Tighter restrictions pass for Erie netters

From StaffWire Reports

Columbus – As was expected, a vote on new legislation to
regulate Ohio’s commercial fishing industry came down to the final
day of the legislative session for state lawmakers.

But unlike a previous bill that proposed a buyout of Lake Erie’s
commercial fishing industry but stalled on the table last fall, the
new version passed through the legislative process. It was
sponsored by Sen. Tim Grendell, R-Chesterland.

The House of Representatives on June 27 voted 72-25 in favor of
the bill, which puts tighter regulations on the lake’s yellow perch
fishing fleet without shutting down the industry. The Senate in May
voted 32-0 in favor of the bill. Gov. Ted Strickland signed the
legislation, which now goes into effect in 90 days.

‘In the end, it’s going to do good things for the Lake Erie
fishery and that’s what is most important,’ said Ray Petering, the
DNR Division of Wildlife’s chief fisheries manager. ‘It would have
been irresponsible of us to say ‘this is too hard, we’ll just leave
things the way they are.’ That resource up there is too

The political maneuvering over the past year involving the
commercial fishing industry arose out of a series of felony
racketeering convictions that involved the underreporting of 40
tons of yellow perch. Some cases are still pending.

The original legislation would have provided $4 million in
general fund money to buy out the remaining 12 license holders.

Still, one lawmaker who voted against the new bill predicted it
would lead to the death of the commercial fishing industry.

Rep. Chris Redfern, a Democrat from Catawba Island, said
re-writing the laws governing commercial fishing is the wrong
approach to rein in the industry and he predicted that the new
legislation would ‘create the death of the commercial fishing
industry through a thousand cuts.’

‘I believe if we focused on enforcement rather than punitive
measures to kill the industry we would better be able to manage the
resource,’ Redfern said.

DNR Director Sean Logan said the bill addresses ‘an important
issue to the health of Ohio’s great lake’ and gives authorities
important new management tools to deal with commercial fisheries on
Lake Erie.

Addressing previously stated concerns from earlier hearings,
Logan said he approved of language in the legislation that would
have prohibited those with felony convictions from receiving future
commercial permits. That provision, however, was thrown out in the
final version of the bill, meaning that even those who were
convicted of felonies related to commercial fishing in the past get
a clean slate with the new legislation.

Under the new law, the chief of the DNR Division of Wildlife has
the right to revoke the permit of any license holder convicted of a
fishing related felony. Three misdemeanor convictions for fishing
related crimes will also be subject for license revocation.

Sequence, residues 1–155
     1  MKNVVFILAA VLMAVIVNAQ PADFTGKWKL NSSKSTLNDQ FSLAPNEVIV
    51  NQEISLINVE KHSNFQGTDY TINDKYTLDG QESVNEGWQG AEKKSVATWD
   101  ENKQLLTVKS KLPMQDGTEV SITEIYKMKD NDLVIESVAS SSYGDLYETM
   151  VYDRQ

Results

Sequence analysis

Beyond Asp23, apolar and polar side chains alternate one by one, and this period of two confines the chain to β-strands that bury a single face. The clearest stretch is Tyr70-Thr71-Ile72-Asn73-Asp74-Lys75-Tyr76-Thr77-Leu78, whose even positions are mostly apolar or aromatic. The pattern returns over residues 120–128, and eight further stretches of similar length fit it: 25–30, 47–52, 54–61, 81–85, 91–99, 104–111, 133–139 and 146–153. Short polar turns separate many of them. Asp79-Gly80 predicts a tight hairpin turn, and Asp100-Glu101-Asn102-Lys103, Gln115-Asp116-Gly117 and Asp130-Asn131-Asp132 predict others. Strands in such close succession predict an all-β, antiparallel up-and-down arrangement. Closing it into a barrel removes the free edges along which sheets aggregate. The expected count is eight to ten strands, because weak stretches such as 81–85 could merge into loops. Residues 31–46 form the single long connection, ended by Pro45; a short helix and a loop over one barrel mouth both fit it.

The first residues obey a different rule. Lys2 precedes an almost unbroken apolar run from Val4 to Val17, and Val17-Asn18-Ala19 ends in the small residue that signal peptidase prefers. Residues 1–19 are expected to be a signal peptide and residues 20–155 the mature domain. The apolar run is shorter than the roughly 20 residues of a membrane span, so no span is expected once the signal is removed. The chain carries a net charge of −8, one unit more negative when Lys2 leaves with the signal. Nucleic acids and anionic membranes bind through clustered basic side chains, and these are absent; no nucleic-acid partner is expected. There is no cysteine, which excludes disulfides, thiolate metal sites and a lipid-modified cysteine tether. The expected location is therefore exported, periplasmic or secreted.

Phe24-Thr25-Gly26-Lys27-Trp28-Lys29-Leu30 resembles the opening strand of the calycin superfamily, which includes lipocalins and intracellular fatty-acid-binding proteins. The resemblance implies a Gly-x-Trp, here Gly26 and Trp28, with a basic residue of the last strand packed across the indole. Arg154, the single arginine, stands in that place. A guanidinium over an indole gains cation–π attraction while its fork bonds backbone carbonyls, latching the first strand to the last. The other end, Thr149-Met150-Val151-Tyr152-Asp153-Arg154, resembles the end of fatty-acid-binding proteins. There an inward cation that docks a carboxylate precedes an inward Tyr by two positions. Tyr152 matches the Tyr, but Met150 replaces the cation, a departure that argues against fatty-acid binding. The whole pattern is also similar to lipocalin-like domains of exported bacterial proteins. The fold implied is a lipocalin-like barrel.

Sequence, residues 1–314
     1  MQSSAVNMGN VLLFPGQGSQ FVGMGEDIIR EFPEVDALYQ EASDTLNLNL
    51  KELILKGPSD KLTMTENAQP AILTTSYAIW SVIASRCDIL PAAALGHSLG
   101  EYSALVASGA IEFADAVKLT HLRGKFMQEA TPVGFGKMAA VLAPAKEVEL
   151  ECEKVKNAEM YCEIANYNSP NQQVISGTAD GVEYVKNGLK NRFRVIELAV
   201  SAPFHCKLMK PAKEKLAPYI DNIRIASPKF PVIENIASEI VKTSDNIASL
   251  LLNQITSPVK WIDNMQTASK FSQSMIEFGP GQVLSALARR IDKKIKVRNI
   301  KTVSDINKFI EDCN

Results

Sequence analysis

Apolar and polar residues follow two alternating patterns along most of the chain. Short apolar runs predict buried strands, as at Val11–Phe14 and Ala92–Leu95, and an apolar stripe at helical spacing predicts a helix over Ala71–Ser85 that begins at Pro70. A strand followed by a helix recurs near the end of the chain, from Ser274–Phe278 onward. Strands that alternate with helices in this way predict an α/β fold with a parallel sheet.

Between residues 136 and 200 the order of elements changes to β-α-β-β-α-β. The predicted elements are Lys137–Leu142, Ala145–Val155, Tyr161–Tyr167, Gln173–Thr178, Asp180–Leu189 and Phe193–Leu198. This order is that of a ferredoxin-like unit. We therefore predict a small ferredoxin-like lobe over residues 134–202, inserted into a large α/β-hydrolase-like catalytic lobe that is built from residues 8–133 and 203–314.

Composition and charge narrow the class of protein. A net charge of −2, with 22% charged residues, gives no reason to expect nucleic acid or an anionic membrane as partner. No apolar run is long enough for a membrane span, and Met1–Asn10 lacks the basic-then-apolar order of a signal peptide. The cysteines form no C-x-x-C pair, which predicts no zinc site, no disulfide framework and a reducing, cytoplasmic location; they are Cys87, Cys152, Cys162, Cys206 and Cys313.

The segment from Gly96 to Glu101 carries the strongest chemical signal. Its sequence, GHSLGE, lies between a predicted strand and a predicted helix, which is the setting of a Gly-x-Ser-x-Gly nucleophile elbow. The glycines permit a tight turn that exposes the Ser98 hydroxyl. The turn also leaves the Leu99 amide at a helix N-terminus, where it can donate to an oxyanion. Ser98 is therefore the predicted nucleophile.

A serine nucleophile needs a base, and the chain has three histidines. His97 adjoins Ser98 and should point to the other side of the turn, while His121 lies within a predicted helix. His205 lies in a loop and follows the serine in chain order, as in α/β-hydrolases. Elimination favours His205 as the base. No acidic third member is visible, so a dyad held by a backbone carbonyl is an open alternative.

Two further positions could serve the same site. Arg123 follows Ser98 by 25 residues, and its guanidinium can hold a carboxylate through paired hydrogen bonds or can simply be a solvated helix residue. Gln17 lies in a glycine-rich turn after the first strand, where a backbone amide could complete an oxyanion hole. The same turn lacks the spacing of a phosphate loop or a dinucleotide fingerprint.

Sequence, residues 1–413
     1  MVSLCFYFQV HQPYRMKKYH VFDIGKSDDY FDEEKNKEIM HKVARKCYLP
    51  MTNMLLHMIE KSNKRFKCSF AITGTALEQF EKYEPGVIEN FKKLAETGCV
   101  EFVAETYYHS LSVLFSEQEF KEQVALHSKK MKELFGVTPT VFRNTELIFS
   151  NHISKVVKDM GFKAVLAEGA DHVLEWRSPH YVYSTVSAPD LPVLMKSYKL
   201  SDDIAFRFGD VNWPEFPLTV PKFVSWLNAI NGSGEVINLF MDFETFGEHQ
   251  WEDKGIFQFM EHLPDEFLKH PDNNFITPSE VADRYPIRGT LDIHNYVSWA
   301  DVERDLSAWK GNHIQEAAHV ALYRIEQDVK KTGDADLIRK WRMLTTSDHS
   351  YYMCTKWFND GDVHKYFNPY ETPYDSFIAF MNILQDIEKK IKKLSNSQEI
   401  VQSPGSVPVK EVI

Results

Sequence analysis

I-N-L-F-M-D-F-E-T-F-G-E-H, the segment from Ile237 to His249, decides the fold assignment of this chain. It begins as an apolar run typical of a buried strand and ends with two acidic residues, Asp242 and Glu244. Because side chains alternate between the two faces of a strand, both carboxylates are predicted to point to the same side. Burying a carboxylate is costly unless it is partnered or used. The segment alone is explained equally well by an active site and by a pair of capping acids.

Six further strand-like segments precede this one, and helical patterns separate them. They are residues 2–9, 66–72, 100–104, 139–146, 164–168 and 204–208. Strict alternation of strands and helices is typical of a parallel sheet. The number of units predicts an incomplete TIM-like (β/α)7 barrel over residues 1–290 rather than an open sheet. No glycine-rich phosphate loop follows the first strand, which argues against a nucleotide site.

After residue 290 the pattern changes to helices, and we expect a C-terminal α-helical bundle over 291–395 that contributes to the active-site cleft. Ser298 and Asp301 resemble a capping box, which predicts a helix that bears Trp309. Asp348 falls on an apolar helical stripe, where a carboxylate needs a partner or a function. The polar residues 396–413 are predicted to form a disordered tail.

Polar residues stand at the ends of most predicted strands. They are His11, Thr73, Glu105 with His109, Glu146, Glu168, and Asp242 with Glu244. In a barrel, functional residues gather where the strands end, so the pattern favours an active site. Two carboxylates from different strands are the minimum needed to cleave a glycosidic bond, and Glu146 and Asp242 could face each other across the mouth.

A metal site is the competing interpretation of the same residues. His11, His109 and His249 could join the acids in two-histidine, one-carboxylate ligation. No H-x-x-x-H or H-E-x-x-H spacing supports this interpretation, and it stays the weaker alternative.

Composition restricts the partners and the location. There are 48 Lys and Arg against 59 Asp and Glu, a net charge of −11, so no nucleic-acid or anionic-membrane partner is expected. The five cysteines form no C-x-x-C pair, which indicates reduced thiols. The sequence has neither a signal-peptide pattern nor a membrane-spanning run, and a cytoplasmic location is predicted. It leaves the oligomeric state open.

‘We’re hoping to push them for more compliant behavior with
that,’ Petering said.

The law also requires commercial operators to file daily catch
reports rather than monthly and to install GPS tracking devices on
their boats.

The new law creates an advisory board made up of commercial
fishermen, sport fishermen, the DNR and state lawmakers. The board
is expected to issue a report on Lake Erie fisheries management by
the end of the year in an attempt to get all the interested parties
speaking the same language.

Larry Mitchell, president of the League of Ohio Sportsmen, and
Bob Collins, president of the Lake Erie Charter Boat Association,
said their organizations supported the bill because it offers sound
policy to conserve the state’s natural resources.

In House hearings leading up to the late June vote, several
opponents of the bill continued to make the case that the
legislation went too far and would severely curtail or end the
commercial perch industry in Ohio. Joe Smith of Sandusky asked the
panel to delay action on the bill to provide more time for the
industry and the DNR to strike a preferable compromise.

In its current form, he said, the bill ‘threatens the survival
of our industry and I do not believe for a minute that (Division of
Wildlife) officials have any intention of moving us to areas of
better fishing and profitability.

‘I understand the need for tighter regulations and assurances
that compliance will happen,’ he added. ‘But, I feel this bill
would allow for people to be put out of business over minor
violations or circumstances beyond their control. The three-strike
provision could easily be misused by overzealous and/or vindictive
DOW personnel.’

Petering said violations that fall under the three strikes rule
are restricted to the illegal killing of fish or the misreporting
of data. He dismissed the idea that accidental violations could
eventually lead to a license revocation.

‘None of that stuff that’s under the three strikes rule is
anything you’ll do by accident,’ he said. ‘If you violate any of
those provisions, you will have done it purposely. It’s hard to be
real sympathetic on that.’

Grendell, the bill’s sponsor, said the three-strike penalty is

‘Frankly, I get one strike and I’m out,’ said Grendell,
referring to his license to practice law. ‘It’s that way in a lot
of businesses.’

Information from the Gongwer News Service was used in this

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